Exhaustive fun! That’s the best way to describe a visit to this family-friendly park in southern Colorado.
Among the 30+ national parks that my family has visited, Great Sand Dunes National Park and Preserve ranks as one of our favorites! This park boasts several diverse ecosystems: grasslands, wetlands, aspen forests, and tundra, but it’s the 30-square-mile dunefield that’s the big draw. Climb to the top of the tallest dunes in North America, learn to sandboard, and splash in a creek that claims a strange phenomenon called “surge flow” - all in one day!
KidTripster Tip: Stop at the visitor center to pick up your child’s Junior Ranger book and loaner backpack. Also, make sure to watch the park movie, so you’re primed for your visit.
What to do?
If you’re visiting the Great Sand Dunes during the summer, you’ll want to start your day early; by the afternoon, the sand temperature can reach 150°F. I’d recommend a hike to High Dune (699 feet) at sunrise or certainly no later than 7:30 a.m. This dune on the first ridge is not the tallest in the park, but it looks that way from the main parking lot. There are no designated trails here; just cross the flats and zigzag up the ridgelines. It takes about an hour to get to the top, or 40 minutes, if you’re two teenaged boys trying to show up your parents. We saw families with young children make this climb; you’ll just have to be prepared to make more frequent stops or carry them when their little legs give out. Not to worry, they’ll be fully recovered when it’s time to run down.
KidTripster Tip: Be sure to bring plenty of water and your camera as the views are breathtaking… as is the climb!
KidTripster Tip: The highest dune in North America is Star Dune (750 feet). The average round-trip hike is five hours. I would not recommend it.
KidTripster Tip: Plan your visit for a full moon and take a surreal walk on the dunes with no need for a flashlight.
After you’ve recovered, it’s time for some fun: sandboarding and sand sledding! You’ll have a choice to make - either rent your boards and sleds the day before (and pay for two days) and have them ready to go in the parking lot. Or drive just outside the park entrance to the Oasis store to rent them that morning (April to October). Cost: $20/day.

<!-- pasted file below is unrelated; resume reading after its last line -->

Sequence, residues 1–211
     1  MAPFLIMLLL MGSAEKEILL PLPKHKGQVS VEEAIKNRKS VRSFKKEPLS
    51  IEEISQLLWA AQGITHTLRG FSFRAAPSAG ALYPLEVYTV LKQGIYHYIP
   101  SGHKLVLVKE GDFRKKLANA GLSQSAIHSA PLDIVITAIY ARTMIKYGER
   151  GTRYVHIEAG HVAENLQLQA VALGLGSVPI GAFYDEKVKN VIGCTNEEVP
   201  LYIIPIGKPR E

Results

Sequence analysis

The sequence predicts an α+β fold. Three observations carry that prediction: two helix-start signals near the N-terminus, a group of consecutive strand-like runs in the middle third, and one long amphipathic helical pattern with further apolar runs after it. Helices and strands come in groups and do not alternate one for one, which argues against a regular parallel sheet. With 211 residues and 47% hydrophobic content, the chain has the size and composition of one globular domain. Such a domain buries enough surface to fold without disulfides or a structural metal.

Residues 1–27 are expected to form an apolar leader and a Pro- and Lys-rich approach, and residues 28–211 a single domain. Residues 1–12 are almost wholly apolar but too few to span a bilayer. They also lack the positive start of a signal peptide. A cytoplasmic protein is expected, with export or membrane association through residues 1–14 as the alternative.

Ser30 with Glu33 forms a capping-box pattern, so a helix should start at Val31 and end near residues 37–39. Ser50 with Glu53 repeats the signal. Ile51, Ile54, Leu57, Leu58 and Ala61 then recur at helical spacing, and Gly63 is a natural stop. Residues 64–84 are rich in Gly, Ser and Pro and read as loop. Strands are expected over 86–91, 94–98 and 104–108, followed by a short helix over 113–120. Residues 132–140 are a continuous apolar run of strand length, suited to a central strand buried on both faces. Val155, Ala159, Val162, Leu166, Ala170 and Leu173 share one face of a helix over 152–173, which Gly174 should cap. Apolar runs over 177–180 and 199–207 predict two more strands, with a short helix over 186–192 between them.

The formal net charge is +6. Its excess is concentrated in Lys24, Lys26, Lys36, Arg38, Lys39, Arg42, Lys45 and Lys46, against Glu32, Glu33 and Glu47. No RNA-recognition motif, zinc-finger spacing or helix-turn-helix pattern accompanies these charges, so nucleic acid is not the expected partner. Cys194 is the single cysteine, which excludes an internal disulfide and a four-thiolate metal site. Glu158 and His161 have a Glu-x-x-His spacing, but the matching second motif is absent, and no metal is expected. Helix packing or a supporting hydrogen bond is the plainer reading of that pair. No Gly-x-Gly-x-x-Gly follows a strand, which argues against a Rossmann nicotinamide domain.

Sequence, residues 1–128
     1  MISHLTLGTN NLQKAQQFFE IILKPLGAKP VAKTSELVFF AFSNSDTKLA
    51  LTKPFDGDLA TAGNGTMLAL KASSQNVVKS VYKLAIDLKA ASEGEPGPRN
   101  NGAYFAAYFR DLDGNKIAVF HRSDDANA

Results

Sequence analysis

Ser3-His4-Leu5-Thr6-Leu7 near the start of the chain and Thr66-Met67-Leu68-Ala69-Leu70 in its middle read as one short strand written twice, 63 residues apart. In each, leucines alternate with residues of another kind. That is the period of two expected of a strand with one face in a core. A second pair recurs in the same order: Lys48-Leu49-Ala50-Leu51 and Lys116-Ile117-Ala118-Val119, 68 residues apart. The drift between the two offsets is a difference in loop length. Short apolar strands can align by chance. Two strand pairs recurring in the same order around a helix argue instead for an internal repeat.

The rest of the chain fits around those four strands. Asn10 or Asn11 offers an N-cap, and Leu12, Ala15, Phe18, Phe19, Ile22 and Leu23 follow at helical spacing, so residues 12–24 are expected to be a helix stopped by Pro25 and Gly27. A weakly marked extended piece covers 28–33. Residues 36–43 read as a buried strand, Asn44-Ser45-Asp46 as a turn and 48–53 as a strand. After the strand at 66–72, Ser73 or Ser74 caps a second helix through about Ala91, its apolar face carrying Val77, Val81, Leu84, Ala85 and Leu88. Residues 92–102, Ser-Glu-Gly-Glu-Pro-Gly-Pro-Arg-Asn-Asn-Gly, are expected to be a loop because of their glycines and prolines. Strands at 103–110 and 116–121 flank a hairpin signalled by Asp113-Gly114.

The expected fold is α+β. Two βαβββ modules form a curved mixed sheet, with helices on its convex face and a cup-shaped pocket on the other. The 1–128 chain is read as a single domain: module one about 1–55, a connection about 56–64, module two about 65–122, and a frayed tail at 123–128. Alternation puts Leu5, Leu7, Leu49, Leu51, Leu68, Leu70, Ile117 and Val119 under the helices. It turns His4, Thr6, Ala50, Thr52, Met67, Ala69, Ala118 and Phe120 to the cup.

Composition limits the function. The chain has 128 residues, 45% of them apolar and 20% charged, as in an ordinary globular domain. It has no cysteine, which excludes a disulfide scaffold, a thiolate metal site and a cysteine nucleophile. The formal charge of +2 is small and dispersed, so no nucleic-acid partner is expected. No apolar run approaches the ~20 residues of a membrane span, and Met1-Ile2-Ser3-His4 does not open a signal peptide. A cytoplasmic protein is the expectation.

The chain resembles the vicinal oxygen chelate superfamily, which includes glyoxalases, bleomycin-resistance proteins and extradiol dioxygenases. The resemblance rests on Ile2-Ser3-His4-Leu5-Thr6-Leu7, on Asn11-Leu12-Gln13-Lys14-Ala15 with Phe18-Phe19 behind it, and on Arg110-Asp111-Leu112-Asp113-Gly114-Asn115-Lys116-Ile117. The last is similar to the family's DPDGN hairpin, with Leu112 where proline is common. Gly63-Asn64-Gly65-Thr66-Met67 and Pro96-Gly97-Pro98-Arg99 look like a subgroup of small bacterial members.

KidTripster Tip: The rented boards and sleds are specially-designed for sand. Trust me, snow sleds, snowboards, round saucers, and cardboard will not work. Don’t even bother.
Sandboarding is very much like snowboarding. And if your family is anything like mine, the kids will master it more quickly that the grown-ups. By his second run, my 11-year old son was cruising to the bottom without falling. Me, not so much, but it was fun and challenging. My older son actually preferred the sledding. Click here for a how-to video from the National Park Service.
KidTripster Tip: Bring socks to wear when boarding and sledding, mostly to protect your feet for the heat of the sand. The sandboards have foot straps, but you don’t have to wear shoes.
After an hour or so of climbing up and down the smaller dunes, you’ll be wiped out. Head to Medano Creek at the base of the dunefield to spend the remainder of your day. This creek is a great water playground. Its depth varies based on the snow melt and time of year. Peak flow is in late May and June (expect crowds), when it’s even possible to float. But what’s most interesting is the periodic waves that ripple through the stream in a phenomenon known as “surge flow.” Medano Creek is one of the only places in the world where it occurs.
KidTripster Tip: Great Sand Dunes is one of the few parks that allows dogs, even on the dunefields. However, be smart and only take your pets out in the early morning or evening when the sand won’t be too hot on their paws. Dogs can also play in the creek. Our lab was in heaven!
If you have any energy left, head to Zapata Falls Recreation Area about eight miles south of the park. Here you can take in excellent views of the dunes, mountains, and San Luis Valley. Hike about a 1/2-mile over slippery rocks and into a rock crevasse to the waterfall itself. Don’t forget your camera!
In the evening, take in a stargazing ranger program at the amphitheater. You can pick up a free star chart and sun/moon calendar at the visitors center. In addition to the regular Junior Ranger program, your child can also earn a Night Explorer badge (ages 5 to 12).
Where to stay?
I think that Piñon Flats Campground in the park is the best option, allowing you to explore the dunes and creek area in the evening, as well. Tent and RV sites (no hookups, up to 35 feet) are available, but the loop is tight for larger RVs. Cost: $20/night.